We are alive and well and busy with a second book “Traveling the Backroads of San Miguel: Snippets of Paintable History,” which has essentially written itself as it is a compilation of these many blog posts. You will be the first to know when it is available in print.
Over the last five years we have painted more than 100 capillas and visited at least that many more. The quest is not as compelling as it was five years ago and…surprise…we are older and, perhaps, less adventurous. So we have a new theme that will be of interest to many of you.
So, dear readers, are you ready for a change? The working title for this new project is “Beyond the Walls: The Gardens of San Miguel de Allende” which may morph into a third book.
All houses and their gardens in San Miguel are hidden behind towering walls that trace the property line. We are asking friends and friends of friends if we can paint their gardens….new, old, lavish, thematic, unusual, special, large, or small. The process will include an interview with the owner/gardener, appointment to paint at the seasonally best time, and, for very large gardens, a bird’s eye view painted from drone photos.
While we have the painting of capillas down to a speedy and usually successful process, we have less experience painting gardens: Thus the need for practice and practice we did, first, right in Linda and Saul Whynman’s garden.
When one enters their garden the first impression is lusciousness. This is not a xeriscape garden but a garden filled with verdant plants. Linda’s reply to the question, “Do you have a favorite plant?” was “Yes, the one that is green, blooms, and survives.”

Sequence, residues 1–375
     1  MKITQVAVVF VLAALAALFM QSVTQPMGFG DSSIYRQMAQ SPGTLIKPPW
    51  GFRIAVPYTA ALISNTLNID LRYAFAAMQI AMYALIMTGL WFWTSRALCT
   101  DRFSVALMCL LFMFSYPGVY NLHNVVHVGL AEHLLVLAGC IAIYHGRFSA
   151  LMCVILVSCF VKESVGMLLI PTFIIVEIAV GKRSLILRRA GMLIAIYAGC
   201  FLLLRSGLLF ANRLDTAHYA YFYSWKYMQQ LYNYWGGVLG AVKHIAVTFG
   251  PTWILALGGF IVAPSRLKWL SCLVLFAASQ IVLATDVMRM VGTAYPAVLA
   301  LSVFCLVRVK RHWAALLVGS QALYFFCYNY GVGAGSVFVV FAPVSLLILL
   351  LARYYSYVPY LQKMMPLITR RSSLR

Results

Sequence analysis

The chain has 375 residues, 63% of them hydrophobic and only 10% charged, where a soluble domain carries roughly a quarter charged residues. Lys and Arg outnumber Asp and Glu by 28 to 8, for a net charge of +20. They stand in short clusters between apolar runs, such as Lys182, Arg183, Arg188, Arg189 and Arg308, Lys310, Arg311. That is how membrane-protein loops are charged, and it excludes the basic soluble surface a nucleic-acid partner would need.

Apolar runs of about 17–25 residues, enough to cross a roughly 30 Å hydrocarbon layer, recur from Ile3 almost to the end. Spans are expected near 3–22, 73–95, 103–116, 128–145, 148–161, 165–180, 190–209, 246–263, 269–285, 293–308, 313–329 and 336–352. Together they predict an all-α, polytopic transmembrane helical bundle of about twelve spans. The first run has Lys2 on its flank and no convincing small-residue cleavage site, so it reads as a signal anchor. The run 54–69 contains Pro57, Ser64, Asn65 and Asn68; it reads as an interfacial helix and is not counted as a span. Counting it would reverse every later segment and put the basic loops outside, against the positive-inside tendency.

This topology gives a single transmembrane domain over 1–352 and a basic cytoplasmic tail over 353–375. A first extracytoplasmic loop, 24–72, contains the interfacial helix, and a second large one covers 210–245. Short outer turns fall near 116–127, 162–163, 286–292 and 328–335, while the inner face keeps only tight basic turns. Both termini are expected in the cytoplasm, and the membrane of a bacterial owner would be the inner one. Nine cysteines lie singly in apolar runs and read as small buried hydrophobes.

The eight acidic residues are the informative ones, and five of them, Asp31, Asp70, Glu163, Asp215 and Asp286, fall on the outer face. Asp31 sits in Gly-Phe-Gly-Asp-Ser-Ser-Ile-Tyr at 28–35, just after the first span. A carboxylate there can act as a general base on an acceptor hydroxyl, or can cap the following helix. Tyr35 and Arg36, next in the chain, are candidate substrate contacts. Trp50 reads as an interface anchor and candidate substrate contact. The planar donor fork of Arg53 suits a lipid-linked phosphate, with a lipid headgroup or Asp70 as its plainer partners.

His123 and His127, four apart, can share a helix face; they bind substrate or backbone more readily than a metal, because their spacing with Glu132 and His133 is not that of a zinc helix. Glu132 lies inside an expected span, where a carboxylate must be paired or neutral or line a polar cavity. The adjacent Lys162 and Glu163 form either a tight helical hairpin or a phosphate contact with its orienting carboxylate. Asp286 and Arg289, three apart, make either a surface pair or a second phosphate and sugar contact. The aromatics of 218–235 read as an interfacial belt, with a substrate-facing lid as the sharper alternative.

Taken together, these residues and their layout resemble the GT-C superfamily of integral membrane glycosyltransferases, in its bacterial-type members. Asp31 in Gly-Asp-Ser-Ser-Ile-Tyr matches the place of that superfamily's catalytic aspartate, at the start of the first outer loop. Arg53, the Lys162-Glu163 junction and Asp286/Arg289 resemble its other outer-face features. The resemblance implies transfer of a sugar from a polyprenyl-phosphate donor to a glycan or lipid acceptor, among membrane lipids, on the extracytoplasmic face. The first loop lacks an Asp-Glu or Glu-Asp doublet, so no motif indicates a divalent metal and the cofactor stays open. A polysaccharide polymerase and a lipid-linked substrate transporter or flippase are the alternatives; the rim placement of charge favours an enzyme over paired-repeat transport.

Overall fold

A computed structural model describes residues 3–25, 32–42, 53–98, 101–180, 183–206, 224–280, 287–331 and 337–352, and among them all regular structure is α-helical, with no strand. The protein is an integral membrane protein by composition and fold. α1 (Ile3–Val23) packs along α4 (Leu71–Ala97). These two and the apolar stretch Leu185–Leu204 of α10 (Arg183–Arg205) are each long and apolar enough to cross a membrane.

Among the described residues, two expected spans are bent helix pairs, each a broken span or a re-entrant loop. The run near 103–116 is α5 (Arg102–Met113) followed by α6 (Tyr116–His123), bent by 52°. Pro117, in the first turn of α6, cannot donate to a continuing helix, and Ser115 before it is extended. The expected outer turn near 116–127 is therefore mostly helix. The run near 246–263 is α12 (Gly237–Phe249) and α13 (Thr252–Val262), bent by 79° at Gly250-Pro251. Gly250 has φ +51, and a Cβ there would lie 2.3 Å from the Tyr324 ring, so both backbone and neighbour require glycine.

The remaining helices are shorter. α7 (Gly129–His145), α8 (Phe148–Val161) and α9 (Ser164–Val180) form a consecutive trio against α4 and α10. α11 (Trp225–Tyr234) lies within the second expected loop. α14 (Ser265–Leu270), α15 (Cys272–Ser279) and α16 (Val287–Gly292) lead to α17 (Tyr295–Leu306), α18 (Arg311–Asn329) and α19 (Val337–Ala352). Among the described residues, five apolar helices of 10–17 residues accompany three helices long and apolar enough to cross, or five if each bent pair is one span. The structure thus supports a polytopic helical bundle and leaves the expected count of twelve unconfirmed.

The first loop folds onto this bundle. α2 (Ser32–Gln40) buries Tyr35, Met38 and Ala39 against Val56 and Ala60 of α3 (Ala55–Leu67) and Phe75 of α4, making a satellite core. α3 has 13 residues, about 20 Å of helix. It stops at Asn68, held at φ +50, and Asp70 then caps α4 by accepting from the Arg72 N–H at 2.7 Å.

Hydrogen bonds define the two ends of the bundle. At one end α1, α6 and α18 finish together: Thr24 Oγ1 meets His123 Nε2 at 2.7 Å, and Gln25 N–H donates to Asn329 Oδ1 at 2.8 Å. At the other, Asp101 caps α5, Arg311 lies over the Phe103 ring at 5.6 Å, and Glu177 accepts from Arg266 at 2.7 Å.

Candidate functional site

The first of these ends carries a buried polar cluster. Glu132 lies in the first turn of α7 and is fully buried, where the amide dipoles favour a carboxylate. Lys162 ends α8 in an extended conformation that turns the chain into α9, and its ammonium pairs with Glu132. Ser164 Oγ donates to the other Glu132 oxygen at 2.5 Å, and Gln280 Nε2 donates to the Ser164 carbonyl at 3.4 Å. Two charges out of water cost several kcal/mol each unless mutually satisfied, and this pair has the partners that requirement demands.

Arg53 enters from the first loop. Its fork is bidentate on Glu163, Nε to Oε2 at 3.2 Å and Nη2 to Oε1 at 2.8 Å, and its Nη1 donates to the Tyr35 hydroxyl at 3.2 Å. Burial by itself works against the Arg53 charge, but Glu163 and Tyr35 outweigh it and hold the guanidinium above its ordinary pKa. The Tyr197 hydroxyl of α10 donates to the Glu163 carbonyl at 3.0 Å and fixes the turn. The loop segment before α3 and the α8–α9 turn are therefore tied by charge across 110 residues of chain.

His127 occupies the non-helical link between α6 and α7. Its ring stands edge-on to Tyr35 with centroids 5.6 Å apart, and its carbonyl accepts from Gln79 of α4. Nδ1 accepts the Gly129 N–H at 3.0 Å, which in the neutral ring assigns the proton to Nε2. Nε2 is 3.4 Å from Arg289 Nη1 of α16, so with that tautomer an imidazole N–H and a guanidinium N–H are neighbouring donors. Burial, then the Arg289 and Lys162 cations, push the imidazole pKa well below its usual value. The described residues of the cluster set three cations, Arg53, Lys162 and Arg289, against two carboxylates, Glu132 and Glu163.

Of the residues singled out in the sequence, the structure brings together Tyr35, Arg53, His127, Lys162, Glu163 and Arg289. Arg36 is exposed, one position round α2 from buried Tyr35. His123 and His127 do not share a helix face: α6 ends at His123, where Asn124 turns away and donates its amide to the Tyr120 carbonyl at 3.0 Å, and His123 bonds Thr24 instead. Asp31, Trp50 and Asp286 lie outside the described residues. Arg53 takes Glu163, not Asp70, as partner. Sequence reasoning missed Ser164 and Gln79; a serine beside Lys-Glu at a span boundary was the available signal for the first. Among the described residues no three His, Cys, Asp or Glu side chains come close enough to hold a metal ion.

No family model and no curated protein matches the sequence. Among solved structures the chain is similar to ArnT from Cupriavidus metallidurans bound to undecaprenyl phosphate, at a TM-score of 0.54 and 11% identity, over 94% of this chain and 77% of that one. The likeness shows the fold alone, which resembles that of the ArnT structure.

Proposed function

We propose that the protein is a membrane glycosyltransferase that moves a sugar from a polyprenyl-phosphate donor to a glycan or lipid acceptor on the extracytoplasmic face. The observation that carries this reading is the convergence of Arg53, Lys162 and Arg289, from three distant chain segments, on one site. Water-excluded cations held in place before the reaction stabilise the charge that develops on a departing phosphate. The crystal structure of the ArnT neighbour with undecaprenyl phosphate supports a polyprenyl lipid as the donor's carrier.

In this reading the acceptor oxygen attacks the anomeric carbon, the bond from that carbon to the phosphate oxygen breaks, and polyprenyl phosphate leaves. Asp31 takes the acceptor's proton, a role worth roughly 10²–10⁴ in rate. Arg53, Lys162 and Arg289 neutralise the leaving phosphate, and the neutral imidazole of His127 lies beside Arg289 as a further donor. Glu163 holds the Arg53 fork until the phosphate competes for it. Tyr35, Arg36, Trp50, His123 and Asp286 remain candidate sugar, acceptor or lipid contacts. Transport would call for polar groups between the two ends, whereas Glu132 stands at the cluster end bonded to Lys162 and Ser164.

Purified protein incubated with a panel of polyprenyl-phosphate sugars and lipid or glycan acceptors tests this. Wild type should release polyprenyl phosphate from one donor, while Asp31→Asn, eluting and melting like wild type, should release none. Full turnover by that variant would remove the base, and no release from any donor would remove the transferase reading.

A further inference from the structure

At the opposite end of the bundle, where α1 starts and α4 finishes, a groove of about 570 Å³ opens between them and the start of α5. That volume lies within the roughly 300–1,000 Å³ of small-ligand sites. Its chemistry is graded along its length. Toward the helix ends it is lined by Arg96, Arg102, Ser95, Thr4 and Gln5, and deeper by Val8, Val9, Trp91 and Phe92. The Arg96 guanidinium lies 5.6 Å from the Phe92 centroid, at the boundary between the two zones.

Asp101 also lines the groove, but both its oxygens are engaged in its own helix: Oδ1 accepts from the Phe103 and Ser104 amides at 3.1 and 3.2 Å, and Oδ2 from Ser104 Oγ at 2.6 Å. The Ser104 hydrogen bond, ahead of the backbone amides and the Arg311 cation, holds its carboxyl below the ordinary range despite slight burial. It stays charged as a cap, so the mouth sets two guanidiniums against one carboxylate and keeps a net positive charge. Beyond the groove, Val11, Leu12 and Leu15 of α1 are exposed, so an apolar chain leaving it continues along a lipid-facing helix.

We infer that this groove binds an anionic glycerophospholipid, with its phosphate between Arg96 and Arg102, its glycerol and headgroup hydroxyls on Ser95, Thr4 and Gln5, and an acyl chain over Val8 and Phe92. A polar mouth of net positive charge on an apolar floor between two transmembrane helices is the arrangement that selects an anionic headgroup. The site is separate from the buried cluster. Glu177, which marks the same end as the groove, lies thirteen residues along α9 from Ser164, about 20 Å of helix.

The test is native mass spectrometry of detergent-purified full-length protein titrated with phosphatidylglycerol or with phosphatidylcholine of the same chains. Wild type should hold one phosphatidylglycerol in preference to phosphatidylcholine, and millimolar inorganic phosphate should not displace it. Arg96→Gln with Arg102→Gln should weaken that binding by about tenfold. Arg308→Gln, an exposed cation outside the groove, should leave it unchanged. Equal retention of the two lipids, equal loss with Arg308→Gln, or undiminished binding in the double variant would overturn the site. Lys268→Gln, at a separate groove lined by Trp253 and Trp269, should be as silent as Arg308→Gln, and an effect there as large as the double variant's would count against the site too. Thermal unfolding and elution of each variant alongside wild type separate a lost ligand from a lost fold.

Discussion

After moving into their house in 2005, Linda and Saul worked for about a year turning what was a pile of rubble into a garden. No desire for a landscape architect. I
Recent changes include a small swimming pool in place of the koi pond and a roof top vegetable garden that local critters from time to time find irresistible. Linda designed the garden to include quiet spaces but says she never uses them; however, Saul volunteered that he occasionally smokes a cigar in these quiet spaces.
There are so many possibilities of vignettes to paint. Here is Linda’s choice, but picture in your mind’s eye that every few feet there is another charming view awaiting the photographer or painter.
GREENS—Hooker’s Green is a rich green color with a yellow tint. The unusual name has nothing to do with ladies of the night, but honors its creator, 19th c English botanist and illustrator, William J Hooker. Artists most often mix it with another pigment as the color out of the tube is close to Irish shamrock green.